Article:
Fruit Trees That Grow in Lawrenceville, Georgia

Lawrenceville, Georgia, is approximately 30 miles north of Atlanta. Founded in 1821, for many years it was somewhat rural and home to small farms. Although it has grown considerably, gardens are still an important part of Lawrenceville life. Closer to the northern part of the state, the temperatures are mild compared to other areas of Georgia. Located in U.S. Department of Agriculture Hardiness Zone 7, there are many fruit trees that can thrive in the area.

Peach Trees

Peach trees (Prunus persica) should be planted in hardiness zone 6 to 9 in full sun at least 18 to 20 feet apart. The soil pH level should range between 6.5 to 7.0 You may need to add lime to achieve this. Perform a soil test to be sure. Self-pollinating peach trees will begin to produce fruit within three years. Fertilize every spring with fruit fertilizer and repeat lime application if necessary. Standard-size peach trees can be maintained as a dwarf by using proper pruning methods. Water during droughts.

Pear Trees

Pear trees (Pyrus communis) come in many varieties that will grow well in zones 5 to 8. The oriental pear is a favorite among southerners and should be planted in full sun between 12 and 20 feet apart for cross pollination. The soil should be dense, moist and well-drained. Perform a soil test to make sure it contains a light acidic content before planting. Fertilize each spring and carefully prune your pear tree to control its height, which can reach up to 20 feet. You can expect to harvest fruit during the fall season within two to three years.

Bing Cherry Trees

Bing cherry trees (Prunus avium) are the most popular cherry trees in America and are well suited to USDA hardiness zones 5 to 8. Plant in a full sun area within 18 to 25 feet of each other to allow for cross pollination. The planting area should allow for good water drainage. Fertilize each spring and expect the fruit to bear within two years, usually in July. Cherry trees can grow to heights of 35 feet, so keep this in mind for smaller garden areas. Water during drought.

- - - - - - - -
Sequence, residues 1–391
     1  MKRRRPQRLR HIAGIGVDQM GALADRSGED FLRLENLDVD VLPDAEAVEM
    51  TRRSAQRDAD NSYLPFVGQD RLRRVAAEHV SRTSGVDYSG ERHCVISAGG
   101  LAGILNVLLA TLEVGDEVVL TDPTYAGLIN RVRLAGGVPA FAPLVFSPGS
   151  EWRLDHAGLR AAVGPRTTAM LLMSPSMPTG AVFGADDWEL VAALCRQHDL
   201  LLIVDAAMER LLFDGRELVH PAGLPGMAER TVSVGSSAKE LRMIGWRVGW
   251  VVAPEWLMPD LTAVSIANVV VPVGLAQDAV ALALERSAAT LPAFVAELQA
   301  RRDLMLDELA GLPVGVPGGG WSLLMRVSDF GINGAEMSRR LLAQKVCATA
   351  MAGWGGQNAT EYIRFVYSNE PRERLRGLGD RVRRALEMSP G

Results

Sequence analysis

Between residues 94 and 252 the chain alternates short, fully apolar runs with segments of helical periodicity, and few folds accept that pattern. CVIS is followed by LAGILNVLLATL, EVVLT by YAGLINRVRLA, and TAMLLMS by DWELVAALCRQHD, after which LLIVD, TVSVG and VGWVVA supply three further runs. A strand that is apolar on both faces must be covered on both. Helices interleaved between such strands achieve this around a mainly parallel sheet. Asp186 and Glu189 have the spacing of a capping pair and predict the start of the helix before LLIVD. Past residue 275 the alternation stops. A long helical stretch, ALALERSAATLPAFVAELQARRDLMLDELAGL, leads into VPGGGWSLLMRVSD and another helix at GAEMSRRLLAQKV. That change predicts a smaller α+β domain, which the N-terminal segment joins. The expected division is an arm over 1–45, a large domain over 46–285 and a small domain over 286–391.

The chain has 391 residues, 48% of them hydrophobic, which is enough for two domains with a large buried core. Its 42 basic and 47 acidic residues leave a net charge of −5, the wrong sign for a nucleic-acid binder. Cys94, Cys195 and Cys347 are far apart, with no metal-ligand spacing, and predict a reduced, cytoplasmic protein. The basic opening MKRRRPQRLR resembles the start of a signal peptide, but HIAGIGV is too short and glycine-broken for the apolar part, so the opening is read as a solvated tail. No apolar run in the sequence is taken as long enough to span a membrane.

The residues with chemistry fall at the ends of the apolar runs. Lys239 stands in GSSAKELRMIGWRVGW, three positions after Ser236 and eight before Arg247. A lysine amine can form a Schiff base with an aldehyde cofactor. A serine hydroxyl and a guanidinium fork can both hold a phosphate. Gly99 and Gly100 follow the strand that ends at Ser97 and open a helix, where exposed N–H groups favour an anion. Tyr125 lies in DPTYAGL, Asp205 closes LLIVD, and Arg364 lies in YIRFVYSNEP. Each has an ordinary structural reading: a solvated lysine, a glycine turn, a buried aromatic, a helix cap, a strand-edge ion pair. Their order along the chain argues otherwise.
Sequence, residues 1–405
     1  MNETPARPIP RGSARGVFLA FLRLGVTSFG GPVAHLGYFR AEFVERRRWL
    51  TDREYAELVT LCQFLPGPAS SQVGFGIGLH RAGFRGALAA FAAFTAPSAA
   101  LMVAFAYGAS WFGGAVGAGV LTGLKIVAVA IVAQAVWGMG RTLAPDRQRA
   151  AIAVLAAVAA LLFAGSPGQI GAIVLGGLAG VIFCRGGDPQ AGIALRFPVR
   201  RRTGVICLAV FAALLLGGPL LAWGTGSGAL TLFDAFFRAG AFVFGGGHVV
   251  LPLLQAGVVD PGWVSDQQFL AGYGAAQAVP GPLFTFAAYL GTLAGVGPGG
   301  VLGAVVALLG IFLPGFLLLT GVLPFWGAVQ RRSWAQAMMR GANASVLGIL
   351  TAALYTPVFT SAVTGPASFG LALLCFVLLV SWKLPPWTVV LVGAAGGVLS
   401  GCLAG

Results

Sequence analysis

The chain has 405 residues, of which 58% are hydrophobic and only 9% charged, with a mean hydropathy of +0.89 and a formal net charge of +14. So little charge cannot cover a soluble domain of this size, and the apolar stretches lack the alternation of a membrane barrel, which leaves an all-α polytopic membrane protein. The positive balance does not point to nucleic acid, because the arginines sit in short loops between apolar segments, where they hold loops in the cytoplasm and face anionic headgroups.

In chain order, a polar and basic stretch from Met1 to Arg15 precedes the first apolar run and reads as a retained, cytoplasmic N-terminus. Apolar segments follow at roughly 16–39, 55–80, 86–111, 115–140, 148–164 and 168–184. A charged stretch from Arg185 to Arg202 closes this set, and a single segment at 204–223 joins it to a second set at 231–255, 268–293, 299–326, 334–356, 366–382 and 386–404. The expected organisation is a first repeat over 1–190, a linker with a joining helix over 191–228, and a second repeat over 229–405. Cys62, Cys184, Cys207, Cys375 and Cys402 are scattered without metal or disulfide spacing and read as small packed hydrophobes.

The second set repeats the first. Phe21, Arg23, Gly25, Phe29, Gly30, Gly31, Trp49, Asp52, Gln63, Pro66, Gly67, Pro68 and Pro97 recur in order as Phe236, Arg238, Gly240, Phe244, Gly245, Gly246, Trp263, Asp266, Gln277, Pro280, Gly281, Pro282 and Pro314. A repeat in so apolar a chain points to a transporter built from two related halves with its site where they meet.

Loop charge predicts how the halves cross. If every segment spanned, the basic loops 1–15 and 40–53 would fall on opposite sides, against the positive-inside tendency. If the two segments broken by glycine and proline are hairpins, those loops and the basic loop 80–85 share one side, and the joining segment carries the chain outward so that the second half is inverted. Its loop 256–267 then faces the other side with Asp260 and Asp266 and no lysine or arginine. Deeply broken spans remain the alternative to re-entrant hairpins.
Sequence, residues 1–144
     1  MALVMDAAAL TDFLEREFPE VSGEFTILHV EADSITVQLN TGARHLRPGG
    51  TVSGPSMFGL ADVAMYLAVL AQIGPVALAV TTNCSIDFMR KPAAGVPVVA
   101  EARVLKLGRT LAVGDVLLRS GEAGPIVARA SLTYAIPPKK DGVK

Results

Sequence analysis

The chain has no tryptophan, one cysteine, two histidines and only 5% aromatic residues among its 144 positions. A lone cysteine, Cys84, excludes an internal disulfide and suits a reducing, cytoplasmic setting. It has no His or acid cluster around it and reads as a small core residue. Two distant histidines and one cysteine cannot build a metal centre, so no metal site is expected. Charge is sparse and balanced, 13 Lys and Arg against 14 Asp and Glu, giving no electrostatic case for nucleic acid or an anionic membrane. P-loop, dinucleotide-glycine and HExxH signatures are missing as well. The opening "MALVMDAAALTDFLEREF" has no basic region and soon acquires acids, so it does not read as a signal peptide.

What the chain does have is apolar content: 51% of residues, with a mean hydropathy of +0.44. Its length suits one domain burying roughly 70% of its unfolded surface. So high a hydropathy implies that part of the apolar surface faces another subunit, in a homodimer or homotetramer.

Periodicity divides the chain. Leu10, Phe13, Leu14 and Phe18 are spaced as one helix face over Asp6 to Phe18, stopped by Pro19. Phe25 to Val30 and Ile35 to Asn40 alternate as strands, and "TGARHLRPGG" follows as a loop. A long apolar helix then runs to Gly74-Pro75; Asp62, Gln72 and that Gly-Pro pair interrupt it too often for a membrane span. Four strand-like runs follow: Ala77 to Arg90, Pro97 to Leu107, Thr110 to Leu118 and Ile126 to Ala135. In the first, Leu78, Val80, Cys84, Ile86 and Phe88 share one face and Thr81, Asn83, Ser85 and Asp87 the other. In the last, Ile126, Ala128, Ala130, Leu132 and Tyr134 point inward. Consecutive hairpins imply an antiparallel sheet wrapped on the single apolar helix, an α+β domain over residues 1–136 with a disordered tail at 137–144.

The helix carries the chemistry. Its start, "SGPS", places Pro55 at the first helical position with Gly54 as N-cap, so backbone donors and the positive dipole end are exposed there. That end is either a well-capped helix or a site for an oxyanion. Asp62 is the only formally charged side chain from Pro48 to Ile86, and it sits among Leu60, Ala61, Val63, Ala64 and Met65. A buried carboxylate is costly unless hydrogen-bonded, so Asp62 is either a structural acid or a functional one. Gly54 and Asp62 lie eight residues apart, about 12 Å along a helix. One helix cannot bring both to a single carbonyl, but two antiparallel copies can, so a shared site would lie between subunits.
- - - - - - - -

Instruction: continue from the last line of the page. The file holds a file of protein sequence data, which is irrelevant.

Plum Trees

Plum trees (Prunus salicina) should be planted in full sun in an area with good water drainage. Plant within 16 to 18 feet of each other for cross pollination, although some types are self-pollinating. The plum tree can grow to be be 20 feet high and thrives in a variety of soil types, but test to make sure there are at least mild levels of alkaline in the soil. Fertilize each spring with a fruit fertilizer and you should begin to harvest fruit within two to three years. Water during drought.

Apple Trees

Apple trees (Malus x domesticado) do well in USDA hardiness zones 5 to 8. Plant your apple trees in a full sun area about 10 to 15 feet apart for cross pollination. Apple trees can reach heights of up to 25 feet and enjoy well-drained soil that is moist and acidic. Fertilize each spring and keep trimmed to control growth and shape. You can expect your apple tree to bear fruit within two to three years. Water during drought.

Keywords: Georgia fruit trees, Lawrenceville fruit trees, Lawrenceville gardens, Georgia gardens, Georgia hardiness zones

About this Author

Yvonne Ward began her professional writing career in 2004 with the publication of "Pickin' Cotton Sure Is Hard Work" in the book "Golden Short Stories Volume 1" for the Dahlonega Book Festival. She has since written a true crime book published in 2010, with contracts for two more. Ward is pursuing a Master of Arts in history and culture from Union Institute and University.